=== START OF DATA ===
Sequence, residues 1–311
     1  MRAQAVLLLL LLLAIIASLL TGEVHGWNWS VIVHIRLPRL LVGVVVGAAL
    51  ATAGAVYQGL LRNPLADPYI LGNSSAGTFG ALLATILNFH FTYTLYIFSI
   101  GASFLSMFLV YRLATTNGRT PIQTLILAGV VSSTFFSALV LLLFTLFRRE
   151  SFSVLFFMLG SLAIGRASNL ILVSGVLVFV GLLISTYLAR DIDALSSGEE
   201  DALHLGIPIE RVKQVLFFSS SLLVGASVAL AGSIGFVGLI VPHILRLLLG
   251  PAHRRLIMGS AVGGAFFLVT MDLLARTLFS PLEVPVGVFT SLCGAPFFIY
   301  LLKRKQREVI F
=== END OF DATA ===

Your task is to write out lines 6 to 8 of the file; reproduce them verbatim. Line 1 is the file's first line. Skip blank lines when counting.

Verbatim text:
   201  DALHLGIPIE RVKQVLFFSS SLLVGASVAL AGSIGFVGLI VPHILRLLLG
   251  PAHRRLIMGS AVGGAFFLVT MDLLARTLFS PLEVPVGVFT SLCGAPFFIY
   301  LLKRKQREVI F